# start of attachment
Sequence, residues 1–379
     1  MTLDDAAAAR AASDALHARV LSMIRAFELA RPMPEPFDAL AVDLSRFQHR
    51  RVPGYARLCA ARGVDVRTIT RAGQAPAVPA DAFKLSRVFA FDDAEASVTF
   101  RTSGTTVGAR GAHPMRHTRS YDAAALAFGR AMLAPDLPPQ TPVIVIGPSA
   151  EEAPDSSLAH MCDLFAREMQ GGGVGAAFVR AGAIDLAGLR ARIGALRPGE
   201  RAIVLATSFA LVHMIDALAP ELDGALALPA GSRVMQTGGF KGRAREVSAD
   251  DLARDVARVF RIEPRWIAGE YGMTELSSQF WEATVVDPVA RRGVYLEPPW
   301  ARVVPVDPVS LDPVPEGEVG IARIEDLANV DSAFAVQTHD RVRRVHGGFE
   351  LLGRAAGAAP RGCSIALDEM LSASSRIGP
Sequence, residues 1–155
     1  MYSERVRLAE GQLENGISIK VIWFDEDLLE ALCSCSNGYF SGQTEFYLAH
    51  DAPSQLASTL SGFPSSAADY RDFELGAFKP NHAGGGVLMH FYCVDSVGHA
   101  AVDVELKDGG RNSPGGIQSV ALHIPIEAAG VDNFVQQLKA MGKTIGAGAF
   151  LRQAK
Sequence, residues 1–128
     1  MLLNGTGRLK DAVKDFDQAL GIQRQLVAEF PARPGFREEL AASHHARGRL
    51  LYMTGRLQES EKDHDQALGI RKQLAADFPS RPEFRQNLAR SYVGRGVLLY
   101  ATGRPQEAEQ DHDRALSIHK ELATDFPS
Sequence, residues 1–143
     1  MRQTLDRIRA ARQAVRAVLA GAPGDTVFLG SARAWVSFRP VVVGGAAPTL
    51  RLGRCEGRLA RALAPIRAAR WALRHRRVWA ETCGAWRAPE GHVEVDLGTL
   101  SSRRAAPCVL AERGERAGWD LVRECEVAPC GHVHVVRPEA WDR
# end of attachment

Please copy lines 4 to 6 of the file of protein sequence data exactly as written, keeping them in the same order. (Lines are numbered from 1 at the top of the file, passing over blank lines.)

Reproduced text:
   101  RTSGTTVGAR GAHPMRHTRS YDAAALAFGR AMLAPDLPPQ TPVIVIGPSA
   151  EEAPDSSLAH MCDLFAREMQ GGGVGAAFVR AGAIDLAGLR ARIGALRPGE
   201  RAIVLATSFA LVHMIDALAP ELDGALALPA GSRVMQTGGF KGRAREVSAD